Research Article

Assessing the Management of Urinary Tract Infections at a Large, Urban Teaching Hospital

Advani Shreena Patel1*, Rab Saira1 and Kalokhe Ameeta2
1Department of Pharmacy and Drug Information, Grady Health System, USA 2Department of Medicine, Emory University School of Medicine, USA

*Corresponding author: Patel AS, Department of Pharmacy and Drug Information, Grady Health System, 80 Jesse Hill Jr Atlanta, GA 30303, USA

Published: 16 Mar, 2017
Cite this article as: Patel AS, Saira R, Ameeta K. Assessing the Management of Urinary Tract Infections at a Large, Urban Teaching Hospital. Ann Infect Dis Epidemiol. 2017; 2(2): 1015.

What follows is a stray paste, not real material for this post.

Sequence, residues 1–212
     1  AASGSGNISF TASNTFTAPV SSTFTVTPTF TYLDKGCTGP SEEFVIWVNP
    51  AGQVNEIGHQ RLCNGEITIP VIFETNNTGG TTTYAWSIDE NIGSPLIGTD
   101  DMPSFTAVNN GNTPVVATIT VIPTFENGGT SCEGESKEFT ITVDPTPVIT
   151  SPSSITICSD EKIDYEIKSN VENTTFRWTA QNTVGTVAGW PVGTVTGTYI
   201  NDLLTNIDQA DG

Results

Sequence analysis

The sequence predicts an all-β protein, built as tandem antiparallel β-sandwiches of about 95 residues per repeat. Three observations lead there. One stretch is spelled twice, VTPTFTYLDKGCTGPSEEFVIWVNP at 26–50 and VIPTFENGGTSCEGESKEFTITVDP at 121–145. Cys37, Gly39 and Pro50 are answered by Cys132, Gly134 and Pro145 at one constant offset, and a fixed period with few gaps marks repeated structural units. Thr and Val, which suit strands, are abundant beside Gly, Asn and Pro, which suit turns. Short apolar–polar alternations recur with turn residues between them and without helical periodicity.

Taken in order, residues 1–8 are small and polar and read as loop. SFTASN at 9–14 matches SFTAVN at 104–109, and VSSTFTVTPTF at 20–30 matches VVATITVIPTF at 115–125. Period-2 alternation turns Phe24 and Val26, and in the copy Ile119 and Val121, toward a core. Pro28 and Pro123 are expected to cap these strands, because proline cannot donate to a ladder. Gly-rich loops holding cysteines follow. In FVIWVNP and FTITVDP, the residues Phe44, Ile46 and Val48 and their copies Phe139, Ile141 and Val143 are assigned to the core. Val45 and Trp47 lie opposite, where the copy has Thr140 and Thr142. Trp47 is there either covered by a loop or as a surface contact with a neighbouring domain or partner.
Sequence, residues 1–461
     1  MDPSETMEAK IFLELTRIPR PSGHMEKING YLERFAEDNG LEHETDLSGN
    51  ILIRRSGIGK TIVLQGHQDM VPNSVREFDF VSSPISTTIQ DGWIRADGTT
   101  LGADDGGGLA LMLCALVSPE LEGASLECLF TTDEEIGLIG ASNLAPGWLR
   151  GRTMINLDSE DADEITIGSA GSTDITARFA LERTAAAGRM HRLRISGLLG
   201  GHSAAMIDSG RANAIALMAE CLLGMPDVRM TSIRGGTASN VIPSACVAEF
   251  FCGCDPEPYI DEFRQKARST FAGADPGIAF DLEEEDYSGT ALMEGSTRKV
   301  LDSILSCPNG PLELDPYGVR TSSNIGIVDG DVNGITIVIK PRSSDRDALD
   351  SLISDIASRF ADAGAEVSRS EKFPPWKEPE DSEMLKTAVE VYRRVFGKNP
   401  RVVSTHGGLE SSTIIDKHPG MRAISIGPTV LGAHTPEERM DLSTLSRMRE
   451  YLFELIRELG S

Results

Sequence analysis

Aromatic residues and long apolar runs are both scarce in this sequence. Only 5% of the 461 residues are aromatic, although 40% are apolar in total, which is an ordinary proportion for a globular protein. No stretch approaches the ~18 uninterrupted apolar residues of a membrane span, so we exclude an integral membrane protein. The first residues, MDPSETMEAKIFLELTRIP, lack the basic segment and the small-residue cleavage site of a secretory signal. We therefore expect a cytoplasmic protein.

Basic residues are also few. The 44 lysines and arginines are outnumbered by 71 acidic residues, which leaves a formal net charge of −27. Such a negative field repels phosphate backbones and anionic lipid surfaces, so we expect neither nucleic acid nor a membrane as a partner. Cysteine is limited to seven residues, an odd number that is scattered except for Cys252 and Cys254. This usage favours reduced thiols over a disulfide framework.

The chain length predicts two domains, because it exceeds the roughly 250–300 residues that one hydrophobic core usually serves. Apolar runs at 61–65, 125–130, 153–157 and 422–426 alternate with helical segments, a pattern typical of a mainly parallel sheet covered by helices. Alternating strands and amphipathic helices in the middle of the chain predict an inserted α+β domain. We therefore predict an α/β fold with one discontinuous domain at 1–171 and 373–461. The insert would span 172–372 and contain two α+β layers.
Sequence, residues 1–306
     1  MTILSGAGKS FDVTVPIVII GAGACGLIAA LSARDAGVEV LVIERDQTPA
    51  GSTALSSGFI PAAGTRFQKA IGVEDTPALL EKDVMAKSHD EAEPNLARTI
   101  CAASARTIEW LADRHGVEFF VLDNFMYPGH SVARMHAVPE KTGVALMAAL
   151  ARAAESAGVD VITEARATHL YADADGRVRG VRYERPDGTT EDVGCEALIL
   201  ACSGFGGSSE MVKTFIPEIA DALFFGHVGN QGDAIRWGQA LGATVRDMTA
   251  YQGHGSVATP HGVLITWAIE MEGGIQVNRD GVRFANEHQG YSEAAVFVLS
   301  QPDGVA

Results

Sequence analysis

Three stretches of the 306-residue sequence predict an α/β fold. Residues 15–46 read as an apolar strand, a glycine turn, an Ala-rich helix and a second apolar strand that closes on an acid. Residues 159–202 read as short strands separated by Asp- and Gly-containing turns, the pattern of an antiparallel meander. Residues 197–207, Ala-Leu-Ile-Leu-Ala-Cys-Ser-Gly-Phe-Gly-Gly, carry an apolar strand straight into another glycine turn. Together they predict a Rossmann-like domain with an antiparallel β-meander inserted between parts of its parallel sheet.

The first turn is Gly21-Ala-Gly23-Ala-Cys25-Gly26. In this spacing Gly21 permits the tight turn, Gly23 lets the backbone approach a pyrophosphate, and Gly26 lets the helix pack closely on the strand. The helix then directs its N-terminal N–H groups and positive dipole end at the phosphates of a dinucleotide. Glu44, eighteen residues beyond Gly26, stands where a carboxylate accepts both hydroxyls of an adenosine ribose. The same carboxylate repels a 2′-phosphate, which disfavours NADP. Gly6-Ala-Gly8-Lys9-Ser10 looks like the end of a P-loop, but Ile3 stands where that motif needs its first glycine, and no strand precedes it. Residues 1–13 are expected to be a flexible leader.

Purpose: Despite availability of consensus guidelines for management of urinary tract infections, variability in both diagnosis and treatment of urinary tract infections has been noted in the literature. Methods: From October 1, 2013 to March 31, 2014 we conducted a three-phase pilot study to evaluate the efficacy of a pharmacist-driven educational intervention on improving rates of guideline-based management of urinary tract infections (UTIs) at Grady Health System (GHS), a large, urban teaching hospital. The primary outcome measured was the percentage of UTIs managed in compliance with GHS guidelines before and after pharmacist intervention; guideline-based diagnosis and treatment of UTIs served as a composite indicator of guideline compliant management Secondary outcomes included: percentage of UTIs in compliance with GHS guideline-based empiric antibiotic selection and treatment duration. Additionally, total cost savings associated with GHS guideline adherence was calculated. Results: One hundred patients were analyzed for the retrospective phase of the study. Of these, 86% were managed in compliance with guidelines. One hundred patients were analyzed for the prospective phase of the study. Of these, 98% were managed in compliance with guidelines. Empiric antibiotic selection was in compliance with guidelines 66% of the time during the pre-intervention phase, compared to 95% during the post-intervention phase. Annual cost savings based on antibiotic use avoidance resulting from pharmacist intervention were calculated as $5,000 for a seven-day course of antibiotics. Conclusion: Pilot findings suggest that a simple, pharmacist-driven educational intervention can impact adherence to hospital UTI management guidelines, and thus result in improved antibiotic stewardship and cost savings.